My Tips for Travelling Cheaply

An accumulation of everything I’ve learnt so far on how to travel cheap!

Now, I may not be the most traveled of anyone out there, or indeed even out of my friends, but my various trips abroad have taught me a thing or two about holidaying on a budget.

I’ve been a student for nearly all of my life – in fact I’ve only joined the ‘real world’ in the past few weeks – so I’ve had to learn how to manage my money and acquire budget-saving travel tips.

With young people now set to be the first generation who will be worse off than their parents, the need for cheaper travel seems only set to increase. We want to know about and see more of the world, but will have remarkably less money (and more debt) to do so.

So, as a small helping hand for those fellow young wanderlusters out there, I’ve compiled a list of my most effective, honest, and cheap, travel tips.

Hope it helps!

    1. Tuesday

      Many guides out there show the importance of a Tuesday. Time and time again it comes up as not only the cheapest day to book a flight, but also the cheapest day to actually travel This may be awkward for all those working classic the Mon-Fri and seeking to take advantage of the bank holiday weekends, but unfortunately it may work out cheaper to bite the bullet and use some of those holiday days.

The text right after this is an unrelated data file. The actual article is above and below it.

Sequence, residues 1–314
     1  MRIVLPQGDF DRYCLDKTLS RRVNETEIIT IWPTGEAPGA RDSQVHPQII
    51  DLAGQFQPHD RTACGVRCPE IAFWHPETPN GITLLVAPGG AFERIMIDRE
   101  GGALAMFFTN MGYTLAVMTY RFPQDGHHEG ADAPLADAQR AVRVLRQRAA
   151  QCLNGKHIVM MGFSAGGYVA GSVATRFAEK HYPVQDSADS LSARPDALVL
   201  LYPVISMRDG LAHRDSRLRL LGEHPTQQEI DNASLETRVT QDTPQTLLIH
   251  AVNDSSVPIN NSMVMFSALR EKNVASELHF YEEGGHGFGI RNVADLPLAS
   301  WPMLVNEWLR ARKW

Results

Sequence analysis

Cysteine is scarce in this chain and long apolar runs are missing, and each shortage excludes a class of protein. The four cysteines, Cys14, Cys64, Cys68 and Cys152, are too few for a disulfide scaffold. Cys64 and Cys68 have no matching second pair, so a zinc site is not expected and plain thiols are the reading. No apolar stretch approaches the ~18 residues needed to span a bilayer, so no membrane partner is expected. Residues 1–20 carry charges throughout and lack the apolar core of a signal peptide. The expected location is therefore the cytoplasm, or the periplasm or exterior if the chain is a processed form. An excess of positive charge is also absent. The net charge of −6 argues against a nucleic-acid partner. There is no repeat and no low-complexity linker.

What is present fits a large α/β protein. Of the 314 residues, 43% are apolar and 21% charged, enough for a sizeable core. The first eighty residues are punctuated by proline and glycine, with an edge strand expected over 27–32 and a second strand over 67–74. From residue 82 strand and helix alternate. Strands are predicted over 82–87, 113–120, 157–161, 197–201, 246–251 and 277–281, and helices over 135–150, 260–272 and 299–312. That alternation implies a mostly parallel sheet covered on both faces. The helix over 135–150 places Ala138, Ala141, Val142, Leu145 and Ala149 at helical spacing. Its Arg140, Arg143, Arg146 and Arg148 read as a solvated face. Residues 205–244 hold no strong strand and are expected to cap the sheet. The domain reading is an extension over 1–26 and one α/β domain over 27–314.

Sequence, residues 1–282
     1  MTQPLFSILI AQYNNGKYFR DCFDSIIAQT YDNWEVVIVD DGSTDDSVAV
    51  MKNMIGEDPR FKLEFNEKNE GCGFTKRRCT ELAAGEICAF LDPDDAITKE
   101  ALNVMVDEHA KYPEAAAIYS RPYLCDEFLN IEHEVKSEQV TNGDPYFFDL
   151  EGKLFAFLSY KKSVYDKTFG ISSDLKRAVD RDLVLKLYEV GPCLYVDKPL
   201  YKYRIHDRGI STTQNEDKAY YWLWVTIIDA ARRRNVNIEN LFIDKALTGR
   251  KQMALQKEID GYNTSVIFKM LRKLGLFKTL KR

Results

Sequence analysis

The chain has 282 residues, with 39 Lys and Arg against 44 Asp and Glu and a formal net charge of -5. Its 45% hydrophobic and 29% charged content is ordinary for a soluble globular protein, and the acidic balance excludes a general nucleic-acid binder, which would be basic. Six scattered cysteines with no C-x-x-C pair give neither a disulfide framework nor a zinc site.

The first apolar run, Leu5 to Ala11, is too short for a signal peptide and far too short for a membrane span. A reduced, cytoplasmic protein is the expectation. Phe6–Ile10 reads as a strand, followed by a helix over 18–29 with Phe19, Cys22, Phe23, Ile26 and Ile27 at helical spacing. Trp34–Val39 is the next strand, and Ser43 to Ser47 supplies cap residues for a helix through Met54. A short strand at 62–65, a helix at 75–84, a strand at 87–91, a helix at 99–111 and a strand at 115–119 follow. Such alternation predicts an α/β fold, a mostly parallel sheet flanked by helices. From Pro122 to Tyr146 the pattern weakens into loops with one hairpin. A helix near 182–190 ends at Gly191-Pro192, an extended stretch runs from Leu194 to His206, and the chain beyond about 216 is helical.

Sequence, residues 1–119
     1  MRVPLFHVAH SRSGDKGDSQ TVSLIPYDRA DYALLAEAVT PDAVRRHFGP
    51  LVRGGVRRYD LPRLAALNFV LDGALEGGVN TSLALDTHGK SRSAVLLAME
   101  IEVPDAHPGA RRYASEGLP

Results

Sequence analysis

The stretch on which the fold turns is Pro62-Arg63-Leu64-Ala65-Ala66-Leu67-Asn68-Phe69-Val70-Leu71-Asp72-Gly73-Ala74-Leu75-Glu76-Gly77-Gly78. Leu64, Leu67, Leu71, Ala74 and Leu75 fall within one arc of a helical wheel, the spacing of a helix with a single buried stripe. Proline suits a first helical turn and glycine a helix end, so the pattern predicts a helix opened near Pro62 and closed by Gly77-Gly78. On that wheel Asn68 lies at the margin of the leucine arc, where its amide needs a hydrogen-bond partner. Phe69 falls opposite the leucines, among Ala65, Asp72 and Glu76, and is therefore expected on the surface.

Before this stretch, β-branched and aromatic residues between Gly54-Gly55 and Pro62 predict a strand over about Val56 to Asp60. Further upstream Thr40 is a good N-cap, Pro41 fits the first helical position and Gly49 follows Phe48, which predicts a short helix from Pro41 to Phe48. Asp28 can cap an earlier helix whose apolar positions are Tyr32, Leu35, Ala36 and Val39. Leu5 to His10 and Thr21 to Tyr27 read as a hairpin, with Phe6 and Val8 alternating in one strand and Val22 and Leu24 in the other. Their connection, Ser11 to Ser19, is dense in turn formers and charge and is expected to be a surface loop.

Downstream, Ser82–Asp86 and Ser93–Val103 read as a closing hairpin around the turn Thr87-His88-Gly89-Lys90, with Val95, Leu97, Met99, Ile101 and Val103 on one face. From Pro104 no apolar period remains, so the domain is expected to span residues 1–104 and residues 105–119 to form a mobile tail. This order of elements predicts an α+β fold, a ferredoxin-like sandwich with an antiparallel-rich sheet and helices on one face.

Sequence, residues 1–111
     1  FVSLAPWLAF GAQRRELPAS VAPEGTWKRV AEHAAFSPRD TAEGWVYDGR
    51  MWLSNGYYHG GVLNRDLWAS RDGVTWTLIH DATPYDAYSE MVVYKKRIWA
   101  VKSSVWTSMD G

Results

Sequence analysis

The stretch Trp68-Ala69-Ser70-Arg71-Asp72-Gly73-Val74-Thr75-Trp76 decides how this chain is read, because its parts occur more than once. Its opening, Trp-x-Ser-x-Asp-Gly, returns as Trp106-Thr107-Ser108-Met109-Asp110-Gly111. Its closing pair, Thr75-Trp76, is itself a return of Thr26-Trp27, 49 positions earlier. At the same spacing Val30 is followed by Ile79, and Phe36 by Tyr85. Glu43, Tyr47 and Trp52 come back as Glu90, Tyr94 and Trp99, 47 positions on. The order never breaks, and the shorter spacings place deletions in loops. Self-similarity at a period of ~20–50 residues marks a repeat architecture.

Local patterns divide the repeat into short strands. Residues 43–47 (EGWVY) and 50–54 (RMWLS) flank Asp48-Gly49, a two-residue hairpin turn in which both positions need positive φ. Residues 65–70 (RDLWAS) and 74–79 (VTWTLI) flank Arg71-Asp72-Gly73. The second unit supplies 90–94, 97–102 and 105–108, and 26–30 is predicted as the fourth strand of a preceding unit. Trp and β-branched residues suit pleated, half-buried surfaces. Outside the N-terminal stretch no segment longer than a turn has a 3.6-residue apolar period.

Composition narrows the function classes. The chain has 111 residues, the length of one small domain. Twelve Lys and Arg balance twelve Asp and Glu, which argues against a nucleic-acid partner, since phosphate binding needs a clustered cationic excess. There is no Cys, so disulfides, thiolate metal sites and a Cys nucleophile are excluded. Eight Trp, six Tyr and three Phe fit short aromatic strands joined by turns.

For me, this has usually always been true – my flights on a Tuesday do come out cheaper. However, there is now some shifting debate about whether or not Tuesday is still the best day to book on…some are even now saying it’s the which weekend offers the cheaper deals. Watch this space.

    2. Those ‘bargain breaks’ may not be so ‘bargainy’

      Wowcher and Groupon may be great for fueling your wanderlust, but definitely do your research before you book one of their ‘unmissable’ deals. They advertise prices with 60% off, but in fact you may be able to find it much cheaper elsewhere anywhere. I constantly see city breaks around Europe for about £80pp, which yes OK, is cheap. But it’s not the cheapest. Furthermore, read the small print: the flights can be crappy, meaning you don’t get a lot of time in your destination, and legally they’ve not mis-sold you anything.
      I actually booked one of Wowcher’s city breaks – a trip to Berlin for 2 nights for £69pp. Bargain, right? Wrong. When I called up to book the break after purchasing my voucher, I was told the flights would mean I leave the UK at 10pm, and then return at 5am….so I get pretty much a day in the city. I ‘upgraded’ to get better flights, but for an extra £30pp. The hotel too wasn’t great. Although it was clean and nice-enough, it wasn’t ideally located and it took as a while to get to everything we wanted to see, again wasting both time and money.
      Safe to say, I haven’t booked with Wowcher again.

    3. That said, you can get some amazing package deals